Tuesday, May 1, 2007

Losing Sponsorship

(Written Friday May 4, 17:27 Kenya time – posting this in this chronological place to make sense of a few things)

In reading through some old blog entries, I realized that I should probably explain something.

One of the goals I had here was to photograph each sponsored child for their thank-you letters to their sponsors. Many of these children are at risk of losing sponsorship – or already have. The reason behind losing sponsorship is understandable. Donors from around the world give money to sponsor a child. If the child does not return a thank-you letter, with a picture preferably, eventually the sponsor stops sending money as they lose faith in the existence of the child. This has proven to be something extremely difficult for the Pokot to understand. It's not part of their culture to say "thank you". I've found this all over Kenya – in a restaurant for example when served food, of course I say "thank you" as this is our culture. It's often met with puzzling looks. Likewise the locals do not say it. It's just not their way. So it's difficult for the locals to understand the importance of sending these thank-you letters.

Sadly this has been going on for a long time, and most children are a year behind on thank-you letters – and they are supposed to send them once a month. Since the Pokot were not taking their own pictures and writing the letters (even though they have been given a digital camera, a laptop computer with cellular modem card, and training for this exact purpose) Carol wanted me to photograph the kids while here. However even then, organizing the children proved extremely difficult, and many kids were never photographed. Those that were did write their thank-you's (while we were here – this wasn't already done), and those have finally been scanned, transcribed and emailed, along with my photos.

As a result, many of these kids will lose their sponsorship. And even this month, then entire orphanage isn't getting their funding because so many donors have complained that IHF in the U.S. is withholding funds until the letters are sent. They managed to send many of these letters while we were here but a week past the deadline for funding. The IHF U.S. sends funds by bank wire once per month to all orphanages around the world, and has to do them all at once. So, this orphanage has to get by on what they have for the next month. It's painful, but the money simply isn't coming in without these letters.

In addition, the hold-out for these letters is so bad that Carol was withholding donated cash for the famine feed. As she had to stay behind in Nakuru, she gave me Sh 18,000 to hold until I had confirmation from Tim (the Pokot doctor, and who was handling emails this week) that they had been sent. That was on Tuesday. As you will see, I didn't get to hand the money over until Friday.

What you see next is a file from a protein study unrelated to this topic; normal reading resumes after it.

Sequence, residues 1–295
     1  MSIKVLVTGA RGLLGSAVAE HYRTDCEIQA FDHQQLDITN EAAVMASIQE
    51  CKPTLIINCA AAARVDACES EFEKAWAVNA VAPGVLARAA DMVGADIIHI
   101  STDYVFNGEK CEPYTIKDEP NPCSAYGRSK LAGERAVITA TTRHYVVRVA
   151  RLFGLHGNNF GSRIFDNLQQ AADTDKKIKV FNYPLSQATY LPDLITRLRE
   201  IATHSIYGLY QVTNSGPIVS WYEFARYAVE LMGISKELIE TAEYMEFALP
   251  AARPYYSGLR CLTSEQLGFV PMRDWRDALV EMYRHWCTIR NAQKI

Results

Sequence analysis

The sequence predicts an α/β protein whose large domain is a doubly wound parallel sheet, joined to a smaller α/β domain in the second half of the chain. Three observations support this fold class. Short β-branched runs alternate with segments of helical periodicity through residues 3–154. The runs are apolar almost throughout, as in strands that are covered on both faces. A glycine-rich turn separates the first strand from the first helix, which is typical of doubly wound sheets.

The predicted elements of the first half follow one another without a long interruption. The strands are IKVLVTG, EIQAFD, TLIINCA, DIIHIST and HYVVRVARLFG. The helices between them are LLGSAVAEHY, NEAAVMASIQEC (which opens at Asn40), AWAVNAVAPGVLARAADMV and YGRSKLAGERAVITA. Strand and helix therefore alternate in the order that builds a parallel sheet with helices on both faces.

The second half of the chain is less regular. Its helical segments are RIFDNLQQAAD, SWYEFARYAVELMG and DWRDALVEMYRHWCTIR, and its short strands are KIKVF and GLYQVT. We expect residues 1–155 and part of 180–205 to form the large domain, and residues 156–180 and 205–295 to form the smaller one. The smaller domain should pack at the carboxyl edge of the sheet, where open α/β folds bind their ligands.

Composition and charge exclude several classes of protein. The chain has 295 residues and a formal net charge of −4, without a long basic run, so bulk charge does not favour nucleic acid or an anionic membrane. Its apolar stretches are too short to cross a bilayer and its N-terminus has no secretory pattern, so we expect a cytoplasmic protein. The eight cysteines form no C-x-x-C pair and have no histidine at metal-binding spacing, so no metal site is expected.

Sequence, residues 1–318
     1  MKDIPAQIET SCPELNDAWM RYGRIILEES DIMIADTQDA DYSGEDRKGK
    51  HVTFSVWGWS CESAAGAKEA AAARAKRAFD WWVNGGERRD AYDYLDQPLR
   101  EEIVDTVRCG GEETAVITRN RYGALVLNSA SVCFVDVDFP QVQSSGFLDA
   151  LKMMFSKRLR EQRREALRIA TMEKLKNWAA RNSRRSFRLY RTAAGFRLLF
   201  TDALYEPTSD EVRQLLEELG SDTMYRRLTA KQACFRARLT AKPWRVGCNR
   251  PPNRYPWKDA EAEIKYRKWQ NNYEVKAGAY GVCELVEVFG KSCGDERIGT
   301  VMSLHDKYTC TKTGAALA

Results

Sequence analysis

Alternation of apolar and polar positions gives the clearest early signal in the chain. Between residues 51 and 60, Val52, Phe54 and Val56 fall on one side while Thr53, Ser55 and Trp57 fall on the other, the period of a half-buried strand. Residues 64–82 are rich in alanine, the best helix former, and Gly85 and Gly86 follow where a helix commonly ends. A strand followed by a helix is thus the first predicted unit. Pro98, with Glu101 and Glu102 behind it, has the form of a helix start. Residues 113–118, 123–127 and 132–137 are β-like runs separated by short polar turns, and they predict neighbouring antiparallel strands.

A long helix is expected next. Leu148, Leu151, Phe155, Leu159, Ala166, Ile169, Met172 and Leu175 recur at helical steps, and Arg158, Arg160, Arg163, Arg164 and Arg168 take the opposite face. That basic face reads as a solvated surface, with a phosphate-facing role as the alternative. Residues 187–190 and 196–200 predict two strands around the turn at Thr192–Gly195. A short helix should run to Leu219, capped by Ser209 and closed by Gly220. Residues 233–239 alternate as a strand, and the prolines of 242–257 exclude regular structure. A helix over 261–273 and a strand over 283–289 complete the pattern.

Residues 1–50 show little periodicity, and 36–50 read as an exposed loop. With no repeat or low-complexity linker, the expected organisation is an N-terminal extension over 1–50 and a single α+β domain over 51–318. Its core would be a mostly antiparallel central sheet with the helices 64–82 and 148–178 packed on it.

darling24_7 said...


Great blog. Kind of speechless at the moment...

fishpatrol said...

Man, this kind of cultural exchange is so difficult, partly because it seems so clear to us. Not even that a gift would require a thank-you. This is essentially a transaction that obviously to their benefit to complete. Young Man Pokot, you are writing a letter to sell to someone in America. It is a letter about who you are, what you are doing. The IHF has found a buyer for your letter. This money will buy you food, etc, etc,. Won't you write the letter?

If YM Pokot agrees, he may ask how many of these letters he can write, how much money he can make. Which is a perfectly sensible response. And we will probably say, "Only one," even though the money sent will only cover his needs for a short time. "Only one," even though there are many others around him who have no sponsor and are in great need. "Only one," we will say, because donors hold on to those letters as proof that their money is going somewhere, helping someone specific. Without this generous but fabricated relationship with a deeply needy person, why should they give to the IHF instead of their local fine arts campaign? It's a toss-up.

Sure we can focus on how strange it is that they don't say Asante to every action. What does it say about us that we so often refuse to help unless thanks is offered?

Joseph said...

"What does it say about us that we so often refuse to help unless thanks is offered?"

I don't think it's about refusing to help if there's no thanks, it's more a matter of trust. You give money to xx organization, and you want to be assured that your money is going to good use. When you expect a thank-you letter (because that's what you were told you'd receive) and it never comes, you start to wonder what really happened to that money.

The entire process of getting someone to write in the first place, whether it's a thank-you or a request, is a big challenge. As I spent time even with the western-style educated people, I came to realize that most have no concept of even basic business principles (which really is what raising money – in any form – is about. And no matter how many times you explain basic principles, they are immediately forgotten or ignored. It's certainly not that someone is unintelligent or stupid; it's simply that it's a concept so completely foreign that it doesn't sink in. But I did see that certain ideas were starting to become understood… it's just a matter of time.